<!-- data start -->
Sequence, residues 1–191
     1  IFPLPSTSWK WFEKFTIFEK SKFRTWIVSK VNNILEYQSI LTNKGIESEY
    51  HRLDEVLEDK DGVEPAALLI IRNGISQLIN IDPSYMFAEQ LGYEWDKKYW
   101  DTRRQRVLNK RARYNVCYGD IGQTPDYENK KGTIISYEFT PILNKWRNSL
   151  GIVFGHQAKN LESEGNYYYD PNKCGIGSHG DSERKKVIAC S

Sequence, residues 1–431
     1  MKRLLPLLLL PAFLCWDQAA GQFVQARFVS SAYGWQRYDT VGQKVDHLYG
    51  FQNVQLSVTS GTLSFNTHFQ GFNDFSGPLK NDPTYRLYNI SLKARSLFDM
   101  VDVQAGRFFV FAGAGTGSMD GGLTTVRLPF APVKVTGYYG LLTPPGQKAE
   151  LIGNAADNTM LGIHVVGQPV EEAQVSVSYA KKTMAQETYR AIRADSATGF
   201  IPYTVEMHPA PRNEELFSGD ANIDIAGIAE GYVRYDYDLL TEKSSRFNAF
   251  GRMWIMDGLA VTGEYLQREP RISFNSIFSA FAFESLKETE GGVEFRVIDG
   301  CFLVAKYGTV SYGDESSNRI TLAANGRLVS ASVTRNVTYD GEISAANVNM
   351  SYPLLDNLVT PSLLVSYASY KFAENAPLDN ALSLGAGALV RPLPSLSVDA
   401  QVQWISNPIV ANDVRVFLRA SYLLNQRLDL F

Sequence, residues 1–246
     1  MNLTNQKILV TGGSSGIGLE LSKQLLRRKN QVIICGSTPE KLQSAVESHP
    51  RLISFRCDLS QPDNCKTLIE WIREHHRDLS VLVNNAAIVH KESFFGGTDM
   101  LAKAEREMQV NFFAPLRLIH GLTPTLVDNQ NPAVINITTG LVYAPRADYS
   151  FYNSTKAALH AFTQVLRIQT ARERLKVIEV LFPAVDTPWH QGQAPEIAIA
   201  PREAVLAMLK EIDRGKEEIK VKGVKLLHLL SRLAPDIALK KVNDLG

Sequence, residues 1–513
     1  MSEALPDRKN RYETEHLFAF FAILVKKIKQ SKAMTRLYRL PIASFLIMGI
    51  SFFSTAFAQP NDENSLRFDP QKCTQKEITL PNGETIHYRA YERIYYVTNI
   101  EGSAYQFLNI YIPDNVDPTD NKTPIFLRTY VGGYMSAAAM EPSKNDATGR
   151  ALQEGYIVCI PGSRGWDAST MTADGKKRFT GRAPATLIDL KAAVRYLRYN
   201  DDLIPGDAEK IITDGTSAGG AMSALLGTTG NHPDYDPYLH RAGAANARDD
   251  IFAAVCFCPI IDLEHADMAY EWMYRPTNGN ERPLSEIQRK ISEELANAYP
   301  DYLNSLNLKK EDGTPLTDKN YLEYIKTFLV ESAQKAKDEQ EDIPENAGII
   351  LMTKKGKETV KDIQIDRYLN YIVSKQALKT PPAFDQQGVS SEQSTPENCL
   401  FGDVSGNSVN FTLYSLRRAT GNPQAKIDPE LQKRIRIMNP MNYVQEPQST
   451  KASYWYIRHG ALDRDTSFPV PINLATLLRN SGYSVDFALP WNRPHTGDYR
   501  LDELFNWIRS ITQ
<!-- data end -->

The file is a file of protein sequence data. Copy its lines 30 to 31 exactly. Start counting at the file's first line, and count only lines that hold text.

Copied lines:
   351  LMTKKGKETV KDIQIDRYLN YIVSKQALKT PPAFDQQGVS SEQSTPENCL
   401  FGDVSGNSVN FTLYSLRRAT GNPQAKIDPE LQKRIRIMNP MNYVQEPQST